On March 26, 2003, approximately 1630 central standard time, a Cessna 172B single-engine airplane, N6947X, was substantially damaged following a loss of control while landing the airplane at the Harvey Young Airport (1H6), Tulsa, Oklahoma. The airplane was owned by a private individual and operated by the pilot under 14 Code of Federal Regulations Part 91. The private pilot was not injured, and the airplane sustained substantial damage. Visual meteorological conditions prevailed for the local flight, and a flight plan was not filed. The flight departed the Harvey Young Airport, approximately 1612, and entered the downwind pattern for touch and go landings on the grass runway 17.

The pilot reported in the Pilot/Operator Aircraft Accident Report (NTSB Form 6120.1/2) that during the second landing, the pilot reported that he "felt the airplane sink and the stall warning horn sound". The pilot added full power, and the airplane touched down on the runway with the left main landing gear and nose landing gear, bounced into the air, and the pilot retarded the throttle. Subsequently, the airplane touched down on the runway with the right main landing gear and nose landing gear and nosed over coming to rest inverted.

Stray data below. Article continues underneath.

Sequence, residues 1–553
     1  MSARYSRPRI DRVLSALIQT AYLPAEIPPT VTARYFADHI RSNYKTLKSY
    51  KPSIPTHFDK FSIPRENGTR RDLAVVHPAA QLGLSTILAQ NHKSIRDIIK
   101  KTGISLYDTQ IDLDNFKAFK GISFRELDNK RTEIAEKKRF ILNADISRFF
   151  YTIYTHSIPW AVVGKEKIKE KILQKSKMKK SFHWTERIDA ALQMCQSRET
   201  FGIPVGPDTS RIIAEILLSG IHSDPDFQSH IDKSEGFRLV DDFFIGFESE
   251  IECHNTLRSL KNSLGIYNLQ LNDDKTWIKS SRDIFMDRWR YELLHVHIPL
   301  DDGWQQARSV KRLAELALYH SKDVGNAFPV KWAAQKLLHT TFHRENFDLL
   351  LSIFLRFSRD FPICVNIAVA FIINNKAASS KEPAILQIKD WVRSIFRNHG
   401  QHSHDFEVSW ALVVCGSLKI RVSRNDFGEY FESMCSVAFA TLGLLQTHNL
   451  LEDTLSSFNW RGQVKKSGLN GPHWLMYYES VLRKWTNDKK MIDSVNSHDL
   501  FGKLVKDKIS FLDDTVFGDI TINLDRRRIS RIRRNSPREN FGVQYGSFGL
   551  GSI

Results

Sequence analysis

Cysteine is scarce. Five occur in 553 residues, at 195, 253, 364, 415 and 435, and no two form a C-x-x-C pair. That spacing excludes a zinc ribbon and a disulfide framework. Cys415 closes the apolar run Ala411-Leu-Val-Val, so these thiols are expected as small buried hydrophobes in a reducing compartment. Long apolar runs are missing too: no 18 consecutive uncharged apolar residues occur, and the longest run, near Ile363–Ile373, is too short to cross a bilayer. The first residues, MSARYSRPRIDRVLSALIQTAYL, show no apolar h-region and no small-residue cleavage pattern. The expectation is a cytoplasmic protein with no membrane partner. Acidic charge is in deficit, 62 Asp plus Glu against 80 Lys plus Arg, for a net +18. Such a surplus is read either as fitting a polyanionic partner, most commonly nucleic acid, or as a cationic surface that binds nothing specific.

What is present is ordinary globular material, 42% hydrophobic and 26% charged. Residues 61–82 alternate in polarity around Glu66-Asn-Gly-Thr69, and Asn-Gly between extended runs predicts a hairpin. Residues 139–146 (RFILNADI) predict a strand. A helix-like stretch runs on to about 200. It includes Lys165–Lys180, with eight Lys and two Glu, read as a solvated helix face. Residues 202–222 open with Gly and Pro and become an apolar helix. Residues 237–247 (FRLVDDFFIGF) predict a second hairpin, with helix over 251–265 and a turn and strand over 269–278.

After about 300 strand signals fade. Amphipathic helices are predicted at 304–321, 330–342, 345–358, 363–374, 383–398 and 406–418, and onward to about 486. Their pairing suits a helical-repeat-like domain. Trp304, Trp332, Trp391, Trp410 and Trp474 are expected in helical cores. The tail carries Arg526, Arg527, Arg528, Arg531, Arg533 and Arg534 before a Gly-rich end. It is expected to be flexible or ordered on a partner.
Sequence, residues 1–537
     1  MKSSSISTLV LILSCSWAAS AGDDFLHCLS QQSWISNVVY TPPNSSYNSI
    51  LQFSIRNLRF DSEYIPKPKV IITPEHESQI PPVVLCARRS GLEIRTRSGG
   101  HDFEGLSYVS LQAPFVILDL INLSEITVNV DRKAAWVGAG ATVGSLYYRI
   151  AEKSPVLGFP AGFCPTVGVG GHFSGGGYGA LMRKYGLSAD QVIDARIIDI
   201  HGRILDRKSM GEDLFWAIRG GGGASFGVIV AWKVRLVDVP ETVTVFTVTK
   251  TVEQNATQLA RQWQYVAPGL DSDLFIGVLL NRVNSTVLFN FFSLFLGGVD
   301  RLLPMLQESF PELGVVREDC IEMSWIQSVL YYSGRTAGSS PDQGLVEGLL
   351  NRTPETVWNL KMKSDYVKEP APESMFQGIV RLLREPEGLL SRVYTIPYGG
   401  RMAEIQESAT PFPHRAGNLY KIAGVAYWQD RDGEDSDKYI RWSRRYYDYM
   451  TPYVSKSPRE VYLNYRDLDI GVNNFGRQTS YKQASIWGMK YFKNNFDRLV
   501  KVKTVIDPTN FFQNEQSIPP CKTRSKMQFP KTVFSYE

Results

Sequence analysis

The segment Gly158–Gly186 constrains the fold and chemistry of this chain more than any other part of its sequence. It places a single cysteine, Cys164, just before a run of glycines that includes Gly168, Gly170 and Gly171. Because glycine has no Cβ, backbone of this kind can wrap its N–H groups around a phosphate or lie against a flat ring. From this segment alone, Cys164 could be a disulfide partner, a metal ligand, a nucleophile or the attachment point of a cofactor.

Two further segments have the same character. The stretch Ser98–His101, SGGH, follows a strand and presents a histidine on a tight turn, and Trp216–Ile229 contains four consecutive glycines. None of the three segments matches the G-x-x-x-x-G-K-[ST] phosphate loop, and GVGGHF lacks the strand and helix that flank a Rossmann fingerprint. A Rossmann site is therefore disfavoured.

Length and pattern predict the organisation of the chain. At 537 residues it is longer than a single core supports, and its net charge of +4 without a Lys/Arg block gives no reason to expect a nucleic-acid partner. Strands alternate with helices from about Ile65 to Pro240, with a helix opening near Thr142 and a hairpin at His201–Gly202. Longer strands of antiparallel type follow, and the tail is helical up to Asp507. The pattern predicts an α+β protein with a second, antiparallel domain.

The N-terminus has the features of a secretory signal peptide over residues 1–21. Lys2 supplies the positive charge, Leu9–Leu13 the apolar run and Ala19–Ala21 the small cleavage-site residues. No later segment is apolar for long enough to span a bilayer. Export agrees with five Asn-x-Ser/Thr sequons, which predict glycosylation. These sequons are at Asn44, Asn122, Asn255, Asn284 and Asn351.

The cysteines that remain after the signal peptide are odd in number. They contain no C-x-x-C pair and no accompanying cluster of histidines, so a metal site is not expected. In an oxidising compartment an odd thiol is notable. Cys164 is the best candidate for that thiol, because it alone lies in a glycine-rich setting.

The pilot further reported that he let the airplane get to slow and stalled the airplane above the touchdown point. The pilot stated in the NTSB Form 6120.1/2 under the Recommendation (How This Accident Could Have Been Prevented) section: "receive more dual training on crosswind/gusts, short field landings, also recovery from slow flight stalls."

The FAA inspector, who responded to the accident site, found the left wing strut, vertical stabilizer, and rudder bent. The propeller, engine cowling, windshield, nose landing gear, and fuselage skin were found damaged.

At 1553, the local weather observation facility at the Tulsa International Airport (TUL), located approximately 5 miles northwest of 1H6, reported the wind from 190 degrees at 11 knots, visibility 10 statute miles, few clouds at 25,000 feet, temperature 21 degrees Celsius, dew point 01 degrees Celsius, and the altimeter 29.91 inches of Mercury.

The pilot reported that the wind was from 190 degrees at 11 knots with gusts to 15 knots at the time of the accident.

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